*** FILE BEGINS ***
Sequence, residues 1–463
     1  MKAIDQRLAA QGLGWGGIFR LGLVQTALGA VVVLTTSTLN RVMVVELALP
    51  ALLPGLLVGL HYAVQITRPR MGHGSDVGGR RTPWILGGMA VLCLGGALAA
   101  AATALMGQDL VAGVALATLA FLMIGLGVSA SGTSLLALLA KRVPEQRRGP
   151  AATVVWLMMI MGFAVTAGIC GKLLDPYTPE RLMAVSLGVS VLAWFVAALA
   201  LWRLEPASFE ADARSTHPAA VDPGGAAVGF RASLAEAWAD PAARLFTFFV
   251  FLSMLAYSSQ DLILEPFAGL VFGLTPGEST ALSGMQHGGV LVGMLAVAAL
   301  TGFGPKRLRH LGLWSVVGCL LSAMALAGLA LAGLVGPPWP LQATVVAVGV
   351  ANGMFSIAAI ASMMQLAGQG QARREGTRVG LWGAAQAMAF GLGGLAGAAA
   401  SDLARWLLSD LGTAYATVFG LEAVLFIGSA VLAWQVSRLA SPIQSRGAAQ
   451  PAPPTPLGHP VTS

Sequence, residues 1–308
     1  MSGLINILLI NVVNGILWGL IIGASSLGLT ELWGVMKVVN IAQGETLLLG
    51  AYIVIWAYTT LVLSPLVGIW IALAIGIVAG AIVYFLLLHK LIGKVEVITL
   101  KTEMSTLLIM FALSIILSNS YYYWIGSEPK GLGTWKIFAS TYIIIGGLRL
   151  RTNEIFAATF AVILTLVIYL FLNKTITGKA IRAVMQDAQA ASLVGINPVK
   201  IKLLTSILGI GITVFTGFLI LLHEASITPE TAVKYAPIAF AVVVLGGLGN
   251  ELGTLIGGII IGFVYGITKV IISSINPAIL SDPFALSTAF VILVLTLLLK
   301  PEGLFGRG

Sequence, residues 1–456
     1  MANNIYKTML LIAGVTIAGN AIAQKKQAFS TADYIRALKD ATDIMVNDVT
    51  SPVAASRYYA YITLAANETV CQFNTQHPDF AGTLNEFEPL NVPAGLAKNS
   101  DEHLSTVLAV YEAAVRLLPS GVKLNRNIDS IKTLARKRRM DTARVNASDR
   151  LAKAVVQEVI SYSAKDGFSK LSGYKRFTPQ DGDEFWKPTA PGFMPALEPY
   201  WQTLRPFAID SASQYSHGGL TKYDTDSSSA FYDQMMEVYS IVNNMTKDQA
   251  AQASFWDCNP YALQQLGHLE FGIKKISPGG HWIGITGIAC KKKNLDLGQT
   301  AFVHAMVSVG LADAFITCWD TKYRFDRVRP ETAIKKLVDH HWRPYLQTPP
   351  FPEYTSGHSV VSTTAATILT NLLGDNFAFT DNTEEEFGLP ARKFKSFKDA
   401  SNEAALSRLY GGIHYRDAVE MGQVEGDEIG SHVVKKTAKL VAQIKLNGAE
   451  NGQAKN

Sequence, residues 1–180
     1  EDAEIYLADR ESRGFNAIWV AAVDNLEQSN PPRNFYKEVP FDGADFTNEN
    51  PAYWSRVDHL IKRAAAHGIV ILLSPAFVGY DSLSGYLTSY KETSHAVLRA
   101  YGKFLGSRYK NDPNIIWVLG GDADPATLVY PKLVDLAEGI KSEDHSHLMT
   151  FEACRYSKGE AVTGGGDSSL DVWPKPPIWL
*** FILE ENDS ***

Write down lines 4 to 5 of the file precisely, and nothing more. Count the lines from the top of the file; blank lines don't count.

   101  AATALMGQDL VAGVALATLA FLMIGLGVSA SGTSLLALLA KRVPEQRRGP
   151  AATVVWLMMI MGFAVTAGIC GKLLDPYTPE RLMAVSLGVS VLAWFVAALA